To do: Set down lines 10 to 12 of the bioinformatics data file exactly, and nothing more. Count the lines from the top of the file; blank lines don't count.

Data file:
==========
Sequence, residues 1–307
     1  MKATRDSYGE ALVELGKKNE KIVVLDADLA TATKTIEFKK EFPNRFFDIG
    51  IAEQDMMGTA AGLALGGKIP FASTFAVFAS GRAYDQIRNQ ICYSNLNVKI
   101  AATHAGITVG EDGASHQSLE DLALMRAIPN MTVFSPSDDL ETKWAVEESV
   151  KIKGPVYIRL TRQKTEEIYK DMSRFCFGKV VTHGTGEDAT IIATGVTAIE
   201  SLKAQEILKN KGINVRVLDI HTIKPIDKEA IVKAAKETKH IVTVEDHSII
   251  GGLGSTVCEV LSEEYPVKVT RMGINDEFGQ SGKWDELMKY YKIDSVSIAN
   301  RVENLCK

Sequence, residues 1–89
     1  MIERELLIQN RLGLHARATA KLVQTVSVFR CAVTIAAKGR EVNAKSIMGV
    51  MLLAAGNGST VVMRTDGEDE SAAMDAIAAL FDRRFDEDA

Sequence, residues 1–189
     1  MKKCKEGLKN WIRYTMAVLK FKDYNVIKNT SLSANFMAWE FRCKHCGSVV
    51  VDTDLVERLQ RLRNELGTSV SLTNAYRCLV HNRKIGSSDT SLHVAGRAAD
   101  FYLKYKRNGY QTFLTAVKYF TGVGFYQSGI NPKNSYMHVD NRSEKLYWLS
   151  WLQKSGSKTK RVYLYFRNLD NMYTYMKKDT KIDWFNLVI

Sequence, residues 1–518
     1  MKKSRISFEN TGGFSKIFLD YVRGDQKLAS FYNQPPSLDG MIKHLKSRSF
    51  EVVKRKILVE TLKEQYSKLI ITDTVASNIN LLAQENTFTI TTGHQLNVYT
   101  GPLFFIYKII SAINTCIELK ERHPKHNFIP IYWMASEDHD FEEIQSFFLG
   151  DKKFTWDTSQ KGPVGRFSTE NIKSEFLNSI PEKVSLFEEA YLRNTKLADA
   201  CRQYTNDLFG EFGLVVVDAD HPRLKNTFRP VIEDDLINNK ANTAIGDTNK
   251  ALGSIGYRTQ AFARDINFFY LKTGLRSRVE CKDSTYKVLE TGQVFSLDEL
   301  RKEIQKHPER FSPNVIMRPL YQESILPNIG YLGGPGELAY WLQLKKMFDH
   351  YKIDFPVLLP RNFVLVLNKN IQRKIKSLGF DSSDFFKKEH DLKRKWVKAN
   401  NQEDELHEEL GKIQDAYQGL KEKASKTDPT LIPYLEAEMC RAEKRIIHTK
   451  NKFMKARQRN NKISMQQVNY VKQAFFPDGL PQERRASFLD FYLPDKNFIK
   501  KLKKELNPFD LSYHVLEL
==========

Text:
     1  MIERELLIQN RLGLHARATA KLVQTVSVFR CAVTIAAKGR EVNAKSIMGV
    51  MLLAAGNGST VVMRTDGEDE SAAMDAIAAL FDRRFDEDA

Sequence, residues 1–189